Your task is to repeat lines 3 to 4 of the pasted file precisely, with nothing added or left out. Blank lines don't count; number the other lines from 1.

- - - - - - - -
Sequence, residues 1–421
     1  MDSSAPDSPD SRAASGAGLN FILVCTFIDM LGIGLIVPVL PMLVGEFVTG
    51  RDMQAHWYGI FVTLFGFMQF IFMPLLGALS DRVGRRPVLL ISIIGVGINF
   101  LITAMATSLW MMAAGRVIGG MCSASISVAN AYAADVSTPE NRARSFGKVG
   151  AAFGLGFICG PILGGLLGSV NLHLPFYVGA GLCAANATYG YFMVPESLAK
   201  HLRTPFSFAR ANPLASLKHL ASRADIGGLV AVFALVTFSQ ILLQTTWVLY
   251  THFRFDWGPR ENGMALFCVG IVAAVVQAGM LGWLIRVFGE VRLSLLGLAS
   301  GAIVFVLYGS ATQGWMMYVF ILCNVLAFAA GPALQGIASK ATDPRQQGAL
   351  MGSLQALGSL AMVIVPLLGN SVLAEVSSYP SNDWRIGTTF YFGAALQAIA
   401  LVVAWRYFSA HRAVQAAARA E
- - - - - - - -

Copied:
    51  RDMQAHWYGI FVTLFGFMQF IFMPLLGALS DRVGRRPVLL ISIIGVGINF
   101  LITAMATSLW MMAAGRVIGG MCSASISVAN AYAADVSTPE NRARSFGKVG